Three friends of accused Boston Marathon bomber have pleaded not guilty to charges that they helped cover his tracks

Friday 13 September 2013 23.54
Three people were killed and 264 injured when a pair of homemade pressure-cooker bombs exploded at the crowded finish line of the marathon
Three people were killed and 264 injured when a pair of homemade pressure-cooker bombs exploded at the crowded finish line of the marathon

Three college friends of accused Boston Marathon bomber Dzhokhar Tsarnaev have pleaded not guilty to charges that they helped cover his tracks when the FBI was trying to find the people responsible for the 15 April attack.

All three are charged with removing a laptop and a backpack containing empty fireworks shells from Mr Tsarnaev's room three days after receiving a text message from him telling them to "go to my room and take what's there," according to court papers.

Dias Kadyrbayev and Azamat Tazhayakov, both from Kazakhstan, pleaded not guilty to the charge of obstruction of justice and could face 25 years in prison or deportation.

Robel Phillipos, of Cambridge, Massachusetts, pleaded not guilty to charges of lying to investigators and could face up to 16 years in prison.

None of the men is charged with involvement in the bombing. Prosecutors said they planned to present about 20 witnesses in a trial they estimated would take two weeks.

After the hearing, Mr Phillipos – who is under house arrest - was surrounded by a group of supporters and left court without speaking to the media.

Federal prosecutors said that Dzhokhar Tsarnaev, now 20, and his older brother, Tamerlan, killed three people and injured 264 other with a pair of homemade pressure-cooker bombs at the crowded finish line of the marathon on 15 April.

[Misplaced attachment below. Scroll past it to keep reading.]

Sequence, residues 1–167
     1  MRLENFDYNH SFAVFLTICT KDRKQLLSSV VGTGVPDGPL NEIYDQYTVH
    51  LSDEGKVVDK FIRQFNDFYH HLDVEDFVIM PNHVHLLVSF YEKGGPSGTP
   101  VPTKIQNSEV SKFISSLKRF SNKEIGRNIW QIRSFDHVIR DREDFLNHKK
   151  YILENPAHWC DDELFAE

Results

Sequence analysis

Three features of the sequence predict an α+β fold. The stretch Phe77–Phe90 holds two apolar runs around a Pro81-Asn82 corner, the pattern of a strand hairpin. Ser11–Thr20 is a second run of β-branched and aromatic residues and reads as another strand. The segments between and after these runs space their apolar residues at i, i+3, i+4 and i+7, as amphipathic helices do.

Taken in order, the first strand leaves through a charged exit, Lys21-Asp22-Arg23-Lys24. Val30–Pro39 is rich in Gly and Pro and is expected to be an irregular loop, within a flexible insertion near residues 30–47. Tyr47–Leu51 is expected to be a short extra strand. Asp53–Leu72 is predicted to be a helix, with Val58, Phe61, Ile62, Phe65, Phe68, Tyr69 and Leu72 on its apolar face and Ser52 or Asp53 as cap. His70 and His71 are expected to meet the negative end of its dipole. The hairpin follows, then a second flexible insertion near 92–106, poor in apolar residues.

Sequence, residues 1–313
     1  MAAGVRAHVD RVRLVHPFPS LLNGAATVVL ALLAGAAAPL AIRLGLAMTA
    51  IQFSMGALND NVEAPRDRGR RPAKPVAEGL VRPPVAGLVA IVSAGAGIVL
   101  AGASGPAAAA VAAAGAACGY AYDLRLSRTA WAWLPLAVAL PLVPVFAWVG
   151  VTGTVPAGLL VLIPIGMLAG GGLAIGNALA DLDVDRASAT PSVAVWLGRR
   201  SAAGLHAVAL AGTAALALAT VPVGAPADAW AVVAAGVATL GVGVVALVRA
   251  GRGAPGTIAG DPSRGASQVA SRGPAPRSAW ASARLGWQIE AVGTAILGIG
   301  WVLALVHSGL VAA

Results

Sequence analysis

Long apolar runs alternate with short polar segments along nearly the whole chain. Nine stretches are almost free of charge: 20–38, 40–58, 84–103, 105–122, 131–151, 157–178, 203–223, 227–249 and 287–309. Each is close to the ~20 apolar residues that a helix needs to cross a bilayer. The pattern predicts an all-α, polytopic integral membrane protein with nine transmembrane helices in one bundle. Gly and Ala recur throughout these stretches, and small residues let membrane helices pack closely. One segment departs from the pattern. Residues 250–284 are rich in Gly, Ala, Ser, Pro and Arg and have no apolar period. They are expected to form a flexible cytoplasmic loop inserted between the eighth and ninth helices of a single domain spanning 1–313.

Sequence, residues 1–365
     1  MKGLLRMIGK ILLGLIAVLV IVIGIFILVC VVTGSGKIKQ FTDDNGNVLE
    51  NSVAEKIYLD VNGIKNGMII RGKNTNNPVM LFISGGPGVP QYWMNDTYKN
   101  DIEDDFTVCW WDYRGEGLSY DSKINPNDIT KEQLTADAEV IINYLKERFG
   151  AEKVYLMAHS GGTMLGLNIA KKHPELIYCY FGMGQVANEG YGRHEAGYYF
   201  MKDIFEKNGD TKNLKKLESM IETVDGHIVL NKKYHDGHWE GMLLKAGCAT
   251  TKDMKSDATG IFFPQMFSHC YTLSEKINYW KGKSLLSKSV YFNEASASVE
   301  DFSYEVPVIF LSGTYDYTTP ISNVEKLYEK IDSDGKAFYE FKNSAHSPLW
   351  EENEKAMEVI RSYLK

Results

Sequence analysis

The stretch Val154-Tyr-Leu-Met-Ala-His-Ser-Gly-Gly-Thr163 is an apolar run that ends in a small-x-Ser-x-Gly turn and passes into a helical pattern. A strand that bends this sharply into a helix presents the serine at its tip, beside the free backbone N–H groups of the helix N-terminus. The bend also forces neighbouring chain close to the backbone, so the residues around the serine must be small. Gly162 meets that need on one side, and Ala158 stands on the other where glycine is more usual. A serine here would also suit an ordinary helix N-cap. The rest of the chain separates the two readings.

Three days later, after the FBI released pictures of the duo, then known only as suspects 1 and 2, standing near the finish line and asked the public for help in identifying them.

That night, after communicating with the younger Tsarnaev via text message, the three accused allegedly entered Mr Tsarnaev's room and removed evidence, prosecutors said.Mr Kadyrbayev and Mr Tazhayakov later threw out the backpack, while Mr Phillipos lied about his involvement, prosecutors said.

Mr Kadyrbayev's attorney said his client had not intended to obstruct justice and did not understand what Mr Tsarnaev had done.

"There was no criminal intent from him to help Dzhokhar, no obstruction of justice in any way," attorney Robert Stahl told reporters after the hearing.

The two Tsarnaevs later that night went on to shoot and kill a university police officer, prosecutors charge, before engaging in a gun battle with police in Watertown, Massachusetts, that ended when Dzhokhar fled, running over his 26-year-old brother in the process.

Tamerlan Tsarnaev died of his injuries, while Dzhokhar evaded arrest for most of a day, leading to a lockdown of much of the greater Boston area. Dzhokhar, badly wounded, was found hiding in a boat in a backyard the evening of 19 April.

He has been charged with crimes that carry the possibility of the death penalty.